Internet investment company CMGI will be the majority owner of Andover, Mass.-based CMGion. The new company appears to be a hybrid of data caching services, such as those provided by Akamai Technologies and Sandpiper, and advertising delivery services such as those from DoubleClick, which brings specific advertisements to consumers' desktops based on profiles stored on people's personal computers.
CMGI said Sun and Novell each have invested $20 million in CMGion and will contribute technology to the venture. Novell plans to provide directory and caching software, and Sun will provide server hardware. CMGI chief executive David Wetherell will serve as the company's interim CEO.
The company plans to incorporate anonymous and permission-based profiling technology from Engage Technologies to bring more efficient content and advertising to the desktop, Wetherell said at a press conference today.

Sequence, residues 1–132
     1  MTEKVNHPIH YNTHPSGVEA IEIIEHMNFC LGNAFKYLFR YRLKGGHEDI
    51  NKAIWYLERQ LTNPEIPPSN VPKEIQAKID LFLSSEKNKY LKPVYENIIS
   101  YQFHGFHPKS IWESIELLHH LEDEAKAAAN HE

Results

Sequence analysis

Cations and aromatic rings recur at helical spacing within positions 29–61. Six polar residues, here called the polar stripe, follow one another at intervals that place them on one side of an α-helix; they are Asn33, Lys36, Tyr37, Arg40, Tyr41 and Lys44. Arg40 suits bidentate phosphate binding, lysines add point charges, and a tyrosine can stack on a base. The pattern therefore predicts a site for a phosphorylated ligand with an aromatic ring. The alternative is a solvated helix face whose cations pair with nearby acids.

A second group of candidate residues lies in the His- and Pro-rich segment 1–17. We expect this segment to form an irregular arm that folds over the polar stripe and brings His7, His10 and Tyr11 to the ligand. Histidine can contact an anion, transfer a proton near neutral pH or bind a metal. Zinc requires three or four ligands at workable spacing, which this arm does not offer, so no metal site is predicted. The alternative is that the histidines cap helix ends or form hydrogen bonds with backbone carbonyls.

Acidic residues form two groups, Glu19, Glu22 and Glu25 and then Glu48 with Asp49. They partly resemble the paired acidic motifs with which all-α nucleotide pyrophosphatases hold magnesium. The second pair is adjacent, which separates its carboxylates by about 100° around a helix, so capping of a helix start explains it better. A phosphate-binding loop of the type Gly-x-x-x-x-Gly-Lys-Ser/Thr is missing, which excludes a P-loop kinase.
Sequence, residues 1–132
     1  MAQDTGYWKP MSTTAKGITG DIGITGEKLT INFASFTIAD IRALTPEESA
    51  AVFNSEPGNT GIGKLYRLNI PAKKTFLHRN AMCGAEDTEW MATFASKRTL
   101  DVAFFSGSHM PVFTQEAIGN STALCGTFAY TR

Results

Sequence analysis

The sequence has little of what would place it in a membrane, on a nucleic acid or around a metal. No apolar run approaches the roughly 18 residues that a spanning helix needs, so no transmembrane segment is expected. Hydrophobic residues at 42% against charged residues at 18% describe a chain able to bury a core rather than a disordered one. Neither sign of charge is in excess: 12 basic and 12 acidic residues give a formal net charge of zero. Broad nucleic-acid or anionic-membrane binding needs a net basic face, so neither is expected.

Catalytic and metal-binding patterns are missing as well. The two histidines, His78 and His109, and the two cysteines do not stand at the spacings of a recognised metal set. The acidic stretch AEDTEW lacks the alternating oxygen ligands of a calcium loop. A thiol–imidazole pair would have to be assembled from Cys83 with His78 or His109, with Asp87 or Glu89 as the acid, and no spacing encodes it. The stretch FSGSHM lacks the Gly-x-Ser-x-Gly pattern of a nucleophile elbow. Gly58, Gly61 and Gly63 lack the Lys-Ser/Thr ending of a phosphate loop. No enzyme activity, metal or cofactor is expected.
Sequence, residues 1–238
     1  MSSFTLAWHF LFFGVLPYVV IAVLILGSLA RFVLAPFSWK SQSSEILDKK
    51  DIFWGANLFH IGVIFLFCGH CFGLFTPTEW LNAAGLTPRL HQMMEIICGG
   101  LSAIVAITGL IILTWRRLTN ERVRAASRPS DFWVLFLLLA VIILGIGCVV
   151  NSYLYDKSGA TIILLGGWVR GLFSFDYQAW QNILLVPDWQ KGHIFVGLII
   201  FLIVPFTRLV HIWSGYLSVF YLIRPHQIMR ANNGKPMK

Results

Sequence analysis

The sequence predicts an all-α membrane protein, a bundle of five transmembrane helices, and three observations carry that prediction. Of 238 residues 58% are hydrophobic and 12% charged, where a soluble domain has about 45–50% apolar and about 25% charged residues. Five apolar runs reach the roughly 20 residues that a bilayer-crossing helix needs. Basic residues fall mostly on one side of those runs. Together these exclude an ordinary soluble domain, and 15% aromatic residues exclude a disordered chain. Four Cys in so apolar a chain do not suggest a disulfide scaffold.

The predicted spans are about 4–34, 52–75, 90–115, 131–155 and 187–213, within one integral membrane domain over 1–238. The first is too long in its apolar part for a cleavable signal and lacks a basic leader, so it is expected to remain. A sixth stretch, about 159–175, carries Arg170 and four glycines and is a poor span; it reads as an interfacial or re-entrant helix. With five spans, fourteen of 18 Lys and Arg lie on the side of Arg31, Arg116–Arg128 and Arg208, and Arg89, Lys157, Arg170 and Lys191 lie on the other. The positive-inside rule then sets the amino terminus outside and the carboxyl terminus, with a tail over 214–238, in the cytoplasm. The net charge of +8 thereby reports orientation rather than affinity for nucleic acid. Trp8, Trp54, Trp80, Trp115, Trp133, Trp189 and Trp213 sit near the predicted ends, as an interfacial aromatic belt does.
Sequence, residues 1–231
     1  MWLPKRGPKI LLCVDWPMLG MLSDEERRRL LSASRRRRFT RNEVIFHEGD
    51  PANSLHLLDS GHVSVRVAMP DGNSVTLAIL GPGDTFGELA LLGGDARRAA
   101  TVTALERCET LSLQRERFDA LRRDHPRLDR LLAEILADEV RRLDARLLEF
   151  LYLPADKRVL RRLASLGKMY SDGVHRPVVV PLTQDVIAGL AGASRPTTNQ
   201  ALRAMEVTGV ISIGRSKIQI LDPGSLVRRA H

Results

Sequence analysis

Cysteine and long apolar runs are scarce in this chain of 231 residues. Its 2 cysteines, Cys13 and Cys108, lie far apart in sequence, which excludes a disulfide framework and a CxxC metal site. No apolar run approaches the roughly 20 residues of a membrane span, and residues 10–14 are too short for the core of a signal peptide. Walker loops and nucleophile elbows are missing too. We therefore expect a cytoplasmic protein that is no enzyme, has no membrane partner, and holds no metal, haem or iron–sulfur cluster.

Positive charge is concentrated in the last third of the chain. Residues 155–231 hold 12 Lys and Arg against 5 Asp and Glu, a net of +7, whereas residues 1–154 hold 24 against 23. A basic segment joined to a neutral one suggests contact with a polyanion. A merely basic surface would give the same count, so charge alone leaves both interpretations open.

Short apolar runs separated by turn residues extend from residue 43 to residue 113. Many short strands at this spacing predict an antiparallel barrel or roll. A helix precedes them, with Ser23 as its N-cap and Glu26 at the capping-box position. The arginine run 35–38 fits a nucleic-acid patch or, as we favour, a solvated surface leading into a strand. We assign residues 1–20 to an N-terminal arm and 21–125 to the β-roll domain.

CMGion also plans to set up data centers around the world and to use its technology to connect them as one large virtual data center, helping to improve the speed of the data flowing across the network.
The company will generate revenues from fees to access the CMGion network and from licensing fees for those who want to set up similar networks.
Wetherell said it will cost between $200 million and $300 million to build the first four data centers.
"We think there is a huge market for this," Wetherell said. "Instead of having to replicate Web site hosting across 30 data centers around the world to be closer to where the populations are, we will only be storing parts of the Web site in these data centers based on intelligent caches."
CMGion also plans to work with Internet application services provider Navisite for application hosting services.